From The Economist, a special report on waste: Talking rubbish. An interview with Rich Benjamin, author of Searching for Whitopia: How the Whiter Half Lives. Many who don't care at all about New England would still find "Yankee" an interesting read. Here's advice from a person with a bachelor's degree in psychology. What would Horatio Alger do? Thousands of Americans are defying eviction notices and exercising civil disobedience. Welcome to the New Media Campaign Tools of 2012: The real secret of Obama's tech team — and what's next for online organizers. A review of Thomas Raymond Wellock's Preserving the Nation: The Conservation and Environmental Movements, 1870-2000. A strange rush for the exit: In a world where life appears to be getting better, why are we in the grip of a suicide epidemic? Peter Osnos on why it's time for Google to share the wealth. A playbook for beating Facebook: CEO Chris DeWolfe outlines his strategy for expanding profits, luring advertisers with "hyper-targeting," and keeping MySpace's U.S. edge over rival Facebook. Should children learn math by starting with counting? An article on 5 whores who changed the course of history. More on Credit and Blame by Charles Tilly. Does America need protection from its out-of-control judges? Dahlia Lithwick investigates.
From Freedom Daily, a look at how Abu Ghraib was politically defused (and part 2). From Al-Ahram, an article on virginity, one of Egypt's most contentious social issues. A review of Godel's Theorem: An Incomplete Guide to Its Use and Abuse by Torkel Franzen. A review of Paris Noir: The Secret History of a City by Jacques Yonnet. An excerpt from The Public Domain: Enclosing the Commons of the Mind by James Boyle. The face of world history: An excerpt from What Color Is the Sacred? by Michael Taussig. Alan Greenspan’s Perpetual Motion Machine: A look at how the former Chairman of the Federal Reserve revolutionized physics. A review of Bits of Me are Falling Apart: Dark Thoughts from the Middle Years by William Leith. The political risk of toxic assets: The administration’s plan is attractive, but are there too many strings attached? A review of Heroes and Cowards: The Social Face of War by Dora L. Costa and Matthew E. Kahn. A review of The Life and Times of Raul Prebisch, 1901-1986 by Edgar J. Dosman. A review of The Venturesome Economy: How Innovation Sustains Prosperity in a More Connected World by Amar Bhide. A review of Prophet of Innovation: Joseph Schumpeter and Creative Destruction by Thomas K. McCraw.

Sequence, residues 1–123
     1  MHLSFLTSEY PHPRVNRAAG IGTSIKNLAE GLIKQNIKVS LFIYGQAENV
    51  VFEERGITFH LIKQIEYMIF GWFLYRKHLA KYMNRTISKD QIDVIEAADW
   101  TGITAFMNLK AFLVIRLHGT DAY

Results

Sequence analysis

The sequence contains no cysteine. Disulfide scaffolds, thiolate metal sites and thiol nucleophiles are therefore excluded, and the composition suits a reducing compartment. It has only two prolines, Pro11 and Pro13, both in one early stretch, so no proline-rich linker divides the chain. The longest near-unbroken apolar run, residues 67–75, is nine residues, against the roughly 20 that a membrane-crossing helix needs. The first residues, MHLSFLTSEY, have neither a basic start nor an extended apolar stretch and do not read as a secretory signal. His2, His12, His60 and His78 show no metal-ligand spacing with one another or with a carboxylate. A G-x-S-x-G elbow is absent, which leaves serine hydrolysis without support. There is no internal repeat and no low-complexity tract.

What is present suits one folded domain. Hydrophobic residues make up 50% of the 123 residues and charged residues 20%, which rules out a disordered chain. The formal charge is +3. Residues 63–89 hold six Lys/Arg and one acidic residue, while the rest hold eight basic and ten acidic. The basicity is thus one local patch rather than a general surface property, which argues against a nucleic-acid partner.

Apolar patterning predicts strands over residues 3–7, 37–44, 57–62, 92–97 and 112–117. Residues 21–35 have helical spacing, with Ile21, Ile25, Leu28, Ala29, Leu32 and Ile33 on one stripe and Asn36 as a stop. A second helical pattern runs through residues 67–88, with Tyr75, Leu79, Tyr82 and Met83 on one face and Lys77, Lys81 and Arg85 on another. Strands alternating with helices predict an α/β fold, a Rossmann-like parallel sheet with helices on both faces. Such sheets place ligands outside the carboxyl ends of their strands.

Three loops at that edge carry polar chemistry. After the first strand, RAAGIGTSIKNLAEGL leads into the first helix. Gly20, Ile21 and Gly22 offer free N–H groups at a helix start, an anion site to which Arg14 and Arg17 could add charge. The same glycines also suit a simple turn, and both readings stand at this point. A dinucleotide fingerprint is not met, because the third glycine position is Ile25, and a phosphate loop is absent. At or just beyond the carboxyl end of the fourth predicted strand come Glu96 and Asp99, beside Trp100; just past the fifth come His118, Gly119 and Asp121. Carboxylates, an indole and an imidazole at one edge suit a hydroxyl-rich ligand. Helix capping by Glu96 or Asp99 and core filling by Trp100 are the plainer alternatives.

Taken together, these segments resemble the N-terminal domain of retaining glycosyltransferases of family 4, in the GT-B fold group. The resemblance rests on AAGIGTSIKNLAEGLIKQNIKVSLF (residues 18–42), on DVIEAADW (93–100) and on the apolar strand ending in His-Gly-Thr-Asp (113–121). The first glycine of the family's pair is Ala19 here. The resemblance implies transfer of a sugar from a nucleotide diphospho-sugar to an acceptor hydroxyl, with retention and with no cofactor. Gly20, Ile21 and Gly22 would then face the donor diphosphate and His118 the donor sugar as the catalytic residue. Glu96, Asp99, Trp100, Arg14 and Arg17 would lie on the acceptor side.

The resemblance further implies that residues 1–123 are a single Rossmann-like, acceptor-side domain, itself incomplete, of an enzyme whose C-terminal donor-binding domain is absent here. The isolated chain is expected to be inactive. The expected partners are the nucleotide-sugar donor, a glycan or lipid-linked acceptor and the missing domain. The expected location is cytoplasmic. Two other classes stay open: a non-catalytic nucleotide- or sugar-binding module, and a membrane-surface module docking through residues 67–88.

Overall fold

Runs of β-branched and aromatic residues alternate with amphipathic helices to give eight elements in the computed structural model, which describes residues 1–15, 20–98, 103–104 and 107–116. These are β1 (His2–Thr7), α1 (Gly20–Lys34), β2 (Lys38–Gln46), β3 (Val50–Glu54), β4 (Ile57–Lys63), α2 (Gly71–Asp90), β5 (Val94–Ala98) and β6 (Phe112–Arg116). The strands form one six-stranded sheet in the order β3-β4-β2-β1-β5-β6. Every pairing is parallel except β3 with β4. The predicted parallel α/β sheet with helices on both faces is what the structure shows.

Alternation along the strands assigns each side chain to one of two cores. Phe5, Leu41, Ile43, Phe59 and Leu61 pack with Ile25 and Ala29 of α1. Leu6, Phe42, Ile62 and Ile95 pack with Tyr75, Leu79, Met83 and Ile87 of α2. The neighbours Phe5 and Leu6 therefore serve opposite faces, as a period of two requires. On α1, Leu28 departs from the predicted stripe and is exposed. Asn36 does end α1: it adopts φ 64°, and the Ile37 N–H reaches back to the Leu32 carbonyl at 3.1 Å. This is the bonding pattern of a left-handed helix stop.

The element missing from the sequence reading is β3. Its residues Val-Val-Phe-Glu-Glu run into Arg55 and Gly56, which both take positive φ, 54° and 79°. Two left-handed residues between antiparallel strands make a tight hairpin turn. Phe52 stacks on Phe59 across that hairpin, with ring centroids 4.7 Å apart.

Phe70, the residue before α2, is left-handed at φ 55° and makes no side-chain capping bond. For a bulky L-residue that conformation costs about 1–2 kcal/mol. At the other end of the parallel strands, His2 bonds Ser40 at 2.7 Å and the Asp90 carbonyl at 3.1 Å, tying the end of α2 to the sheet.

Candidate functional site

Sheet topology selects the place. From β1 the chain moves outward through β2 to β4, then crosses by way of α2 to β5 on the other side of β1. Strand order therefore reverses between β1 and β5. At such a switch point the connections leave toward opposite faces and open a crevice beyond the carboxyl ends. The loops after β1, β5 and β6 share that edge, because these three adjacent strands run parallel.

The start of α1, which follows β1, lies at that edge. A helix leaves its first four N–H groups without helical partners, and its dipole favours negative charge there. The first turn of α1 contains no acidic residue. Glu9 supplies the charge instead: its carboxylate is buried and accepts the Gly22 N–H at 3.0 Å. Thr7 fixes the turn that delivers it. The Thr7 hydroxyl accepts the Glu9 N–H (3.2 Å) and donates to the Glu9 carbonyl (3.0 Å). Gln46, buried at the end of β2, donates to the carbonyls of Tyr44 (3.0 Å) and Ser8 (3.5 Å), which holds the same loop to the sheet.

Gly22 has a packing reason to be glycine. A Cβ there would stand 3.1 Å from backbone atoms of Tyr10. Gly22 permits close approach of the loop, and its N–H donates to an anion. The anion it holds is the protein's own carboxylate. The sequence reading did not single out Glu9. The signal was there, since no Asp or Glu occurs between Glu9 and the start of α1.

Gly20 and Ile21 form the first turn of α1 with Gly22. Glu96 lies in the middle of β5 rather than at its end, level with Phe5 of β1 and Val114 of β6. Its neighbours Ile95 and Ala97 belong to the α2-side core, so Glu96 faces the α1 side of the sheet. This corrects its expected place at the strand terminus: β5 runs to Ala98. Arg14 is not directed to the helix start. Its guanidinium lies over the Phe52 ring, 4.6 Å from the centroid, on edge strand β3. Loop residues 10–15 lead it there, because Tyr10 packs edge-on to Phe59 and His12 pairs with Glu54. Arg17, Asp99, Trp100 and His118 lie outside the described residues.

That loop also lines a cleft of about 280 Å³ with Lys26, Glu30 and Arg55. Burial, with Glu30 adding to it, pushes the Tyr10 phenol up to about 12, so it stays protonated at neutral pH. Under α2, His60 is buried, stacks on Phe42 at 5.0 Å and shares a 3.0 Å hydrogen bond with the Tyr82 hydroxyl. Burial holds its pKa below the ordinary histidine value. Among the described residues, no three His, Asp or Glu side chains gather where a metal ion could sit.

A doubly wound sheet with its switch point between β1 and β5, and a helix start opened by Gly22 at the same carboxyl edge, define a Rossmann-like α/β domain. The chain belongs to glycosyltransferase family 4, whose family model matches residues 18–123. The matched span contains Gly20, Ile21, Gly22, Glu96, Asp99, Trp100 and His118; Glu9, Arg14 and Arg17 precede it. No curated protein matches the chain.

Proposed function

From Public Relations Journal, Tony Jaques (RMIT): Learning from Past Crises: Do Iconic Cases Help or Hinder? From Doublethink, an article on Keith Gessen’s New York: The Blog-Literary Complex. With so many good scholarly books going unread, and good conference papers unheard, it's time to rethink how we share information in academe. A review of Africa’s World War: Congo, the Rwandan Genocide, and the Making of a Continental Catastrophe by Gerard Prunier. An excerpt from Provisional Politics: Kantian Arguments in Policy Context by Elisabeth Ellis. A review of Shame and Philosophy: An Investigation in the Philosophy of Emotions and Ethics by Phil Hutchinson. Excerpts from upcoming oral histories: The use of unfiltered direct quotes gives a veneer of authenticity, and the writer doesn’t have to do much actual writing. James V. Schall, S.J. on St. Cassian of Imola, the patron of teachers. What do humans owe animals? Emily Yoffe on the many dangers of anthropomorphism. Why do the courts let presidents get away with war? Alfred W. Blumrosen and Steven M. Blumrosen want to know. An excerpt from Life Explained by Michel Morange. A review of American Blacklist: The Attorney General's List of Subversive Organizations by Robert Justin Goldstein. Radical populism and sceptical wit: A review of Every Fury on Earth by John Summers.
From New Scientist. a special feature on the five ages of the brain. Print or Byte: Won't digital publishing destroy the old-fashioned book? Scott McLemee reads up on "the hidden revolution". Socialism has failed, now capitalism is bankrupt — so what comes next? Eric Hobsbawm wants to know. Taliban, a response to modernity: In its rigidity, the Talibanised society mimics an authenticity that sounds and feels truly pure and Islamic and is greedily imbibed by a population that is hungry for answers. A review of Heidegger: A (Very) Critical Introduction by S. J. McGrath. From The Root, Henry Louis Gates on John Hope Franklin, the prince who refused the kingdom. Colliding anarchistic subcultures, zombified yuppies and the ruins of the welfare state, Laura Oldfield Ford's work opens up the economic and cultural wounds of London's regeneration. From The New Criterion, an essay on the perils of the welfare state: Spiritual enfeeblement & the rise of the “Last Man” in Europe. A review of More Than Just Race: Being Black and Poor in the Inner City by William Julius Wilson. A review of Restless Genius: Barney Kilgore, The Wall Street Journal, and the Invention of Modern Journalism by Richard J. Tofel. The introduction to Connections: An Introduction to the Economics of Networks by Sanjeev Goyal.